My Favorite Quotes From Perry v Brown Part One

I’ve read the decision, and I’m blown away. It was so difficult to choose my favorite passages, but I managed to stop at eighteen quotes. If you followed the live-blogging of the original Prop 8 trial presided over by Judge Vaughn Walker, this is no less amazing and awe-inspiring.

Some of these quotes are especially long, so I’m going to put the vast majority behind a cut. The last nine quotes will be posted later–but you really should go read the whole thing.

1. (Page 18) “The People may not employ the initiative power to single out
a disfavored group for unequal treatment and strip them, without
a legitimate justification, of a right as important as the
right to marry. Accordingly, we affirm the judgment of the
district court.”

2. “By emphasizing Proposition 8’s limited effect, we do not
mean to minimize the harm that this change in the law caused
to same-sex couples and their families. To the contrary, we
emphasize the extraordinary significance of the official designation
of ‘marriage.’ That designation is important because
‘marriage’ is the name that society gives to the relationship
that matters most between two adults. A rose by any other
name may smell as sweet, but to the couple desiring to enter
into a committed lifelong relationship, a marriage by the name
of ‘registered domestic partnership’ does not. The word ‘marriage’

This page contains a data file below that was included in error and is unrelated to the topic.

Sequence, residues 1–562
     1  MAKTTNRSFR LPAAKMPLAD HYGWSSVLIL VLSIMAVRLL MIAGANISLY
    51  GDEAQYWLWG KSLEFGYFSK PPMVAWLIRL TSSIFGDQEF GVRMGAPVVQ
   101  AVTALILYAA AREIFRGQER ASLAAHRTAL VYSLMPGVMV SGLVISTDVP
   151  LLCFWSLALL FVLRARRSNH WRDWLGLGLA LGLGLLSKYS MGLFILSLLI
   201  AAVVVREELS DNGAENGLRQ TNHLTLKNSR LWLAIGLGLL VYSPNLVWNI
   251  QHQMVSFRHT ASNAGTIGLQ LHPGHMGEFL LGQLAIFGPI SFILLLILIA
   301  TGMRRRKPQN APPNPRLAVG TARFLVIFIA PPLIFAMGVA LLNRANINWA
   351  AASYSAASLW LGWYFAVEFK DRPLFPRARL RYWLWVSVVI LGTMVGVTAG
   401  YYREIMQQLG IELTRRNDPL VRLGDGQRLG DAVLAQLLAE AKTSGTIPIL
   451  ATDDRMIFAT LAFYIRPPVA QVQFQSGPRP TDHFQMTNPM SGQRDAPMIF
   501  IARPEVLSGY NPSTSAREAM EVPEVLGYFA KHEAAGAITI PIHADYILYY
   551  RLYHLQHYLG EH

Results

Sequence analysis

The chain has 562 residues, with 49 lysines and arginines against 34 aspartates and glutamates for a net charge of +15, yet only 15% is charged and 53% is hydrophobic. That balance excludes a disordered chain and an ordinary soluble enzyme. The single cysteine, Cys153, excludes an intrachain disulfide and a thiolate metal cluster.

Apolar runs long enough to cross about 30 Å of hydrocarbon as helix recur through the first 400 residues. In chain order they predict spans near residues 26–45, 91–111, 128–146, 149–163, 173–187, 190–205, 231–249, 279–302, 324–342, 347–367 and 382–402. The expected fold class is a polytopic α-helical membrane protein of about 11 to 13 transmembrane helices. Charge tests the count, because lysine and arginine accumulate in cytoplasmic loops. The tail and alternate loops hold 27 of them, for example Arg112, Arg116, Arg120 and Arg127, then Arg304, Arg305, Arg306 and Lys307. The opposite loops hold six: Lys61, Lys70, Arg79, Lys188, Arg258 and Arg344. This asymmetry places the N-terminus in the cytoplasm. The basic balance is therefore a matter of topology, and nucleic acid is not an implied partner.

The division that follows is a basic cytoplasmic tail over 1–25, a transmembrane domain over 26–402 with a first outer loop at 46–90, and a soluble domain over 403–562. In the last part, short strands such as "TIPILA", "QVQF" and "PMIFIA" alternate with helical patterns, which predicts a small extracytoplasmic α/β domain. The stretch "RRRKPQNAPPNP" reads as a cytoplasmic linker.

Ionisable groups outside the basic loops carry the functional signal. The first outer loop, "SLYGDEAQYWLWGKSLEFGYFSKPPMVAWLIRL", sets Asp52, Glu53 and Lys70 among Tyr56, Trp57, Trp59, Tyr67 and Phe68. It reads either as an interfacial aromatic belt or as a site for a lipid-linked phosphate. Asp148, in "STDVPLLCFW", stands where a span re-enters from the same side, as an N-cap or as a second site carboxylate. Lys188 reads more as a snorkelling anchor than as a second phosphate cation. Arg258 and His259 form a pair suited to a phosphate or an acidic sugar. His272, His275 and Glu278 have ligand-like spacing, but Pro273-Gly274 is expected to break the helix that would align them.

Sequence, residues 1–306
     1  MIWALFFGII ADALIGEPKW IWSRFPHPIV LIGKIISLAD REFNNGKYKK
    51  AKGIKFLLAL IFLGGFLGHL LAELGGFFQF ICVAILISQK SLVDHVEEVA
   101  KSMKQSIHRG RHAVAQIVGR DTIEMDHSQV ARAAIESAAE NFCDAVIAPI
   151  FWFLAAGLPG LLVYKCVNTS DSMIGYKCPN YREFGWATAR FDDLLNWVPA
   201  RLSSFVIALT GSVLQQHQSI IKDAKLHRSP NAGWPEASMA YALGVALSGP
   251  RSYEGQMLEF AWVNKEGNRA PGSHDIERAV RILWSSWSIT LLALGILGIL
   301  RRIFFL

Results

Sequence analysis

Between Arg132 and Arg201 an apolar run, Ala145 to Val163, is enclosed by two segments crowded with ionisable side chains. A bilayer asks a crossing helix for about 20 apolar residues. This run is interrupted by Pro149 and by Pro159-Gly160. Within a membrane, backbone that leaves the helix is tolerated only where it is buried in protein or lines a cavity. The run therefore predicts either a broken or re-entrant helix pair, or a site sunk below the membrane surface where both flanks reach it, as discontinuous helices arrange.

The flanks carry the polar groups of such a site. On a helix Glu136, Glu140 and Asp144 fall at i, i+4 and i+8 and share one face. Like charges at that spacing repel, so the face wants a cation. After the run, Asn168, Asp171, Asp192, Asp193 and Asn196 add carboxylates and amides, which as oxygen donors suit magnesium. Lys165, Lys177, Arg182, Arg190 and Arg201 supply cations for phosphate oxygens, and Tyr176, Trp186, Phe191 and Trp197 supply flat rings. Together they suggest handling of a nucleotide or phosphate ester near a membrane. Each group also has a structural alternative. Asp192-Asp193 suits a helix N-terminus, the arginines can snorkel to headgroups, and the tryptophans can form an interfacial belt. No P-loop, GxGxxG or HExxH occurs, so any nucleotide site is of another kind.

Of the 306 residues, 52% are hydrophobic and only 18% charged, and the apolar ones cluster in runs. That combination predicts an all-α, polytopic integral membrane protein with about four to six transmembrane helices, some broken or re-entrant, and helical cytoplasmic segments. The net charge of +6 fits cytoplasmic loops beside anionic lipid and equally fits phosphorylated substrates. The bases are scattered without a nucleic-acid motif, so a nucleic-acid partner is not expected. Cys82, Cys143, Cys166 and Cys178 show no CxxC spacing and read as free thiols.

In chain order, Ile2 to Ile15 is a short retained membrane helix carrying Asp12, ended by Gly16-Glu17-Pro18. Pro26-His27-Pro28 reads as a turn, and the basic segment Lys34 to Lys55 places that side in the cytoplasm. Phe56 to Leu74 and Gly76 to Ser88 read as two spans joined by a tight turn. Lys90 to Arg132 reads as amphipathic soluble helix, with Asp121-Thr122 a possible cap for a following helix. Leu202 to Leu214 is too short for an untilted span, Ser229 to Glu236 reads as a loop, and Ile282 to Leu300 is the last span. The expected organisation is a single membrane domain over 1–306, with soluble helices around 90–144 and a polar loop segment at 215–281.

is singular in connoting “a harmony in living,” “a bilateral
loyalty,” and “a coming together for better or for worse,
hopefully enduring, and intimate to the degree of being
sacred.” Griswold v. Connecticut, 381 U.S. 479, 486 (1965).
As Proponents have admitted, “the word ‘marriage’ has a
unique meaning,” and “there is a significant symbolic disparity
between domestic partnership and marriage.” It is the designation
of ‘marriage’ itself that expresses validation, by the
state and the community, and that serves as a symbol, like a
wedding ceremony or a wedding ring, of something profoundly
important. See id. at 971.”

3. “We need consider only the many ways in which we
encounter the word ‘marriage’ in our daily lives and understand
it, consciously or not, to convey a sense of significance.
We are regularly given forms to complete that ask us whether
we are “single” or “married.” Newspapers run announcements
of births, deaths, and marriages. We are excited to see someone
ask, “Will you marry me?”, whether on bended knee in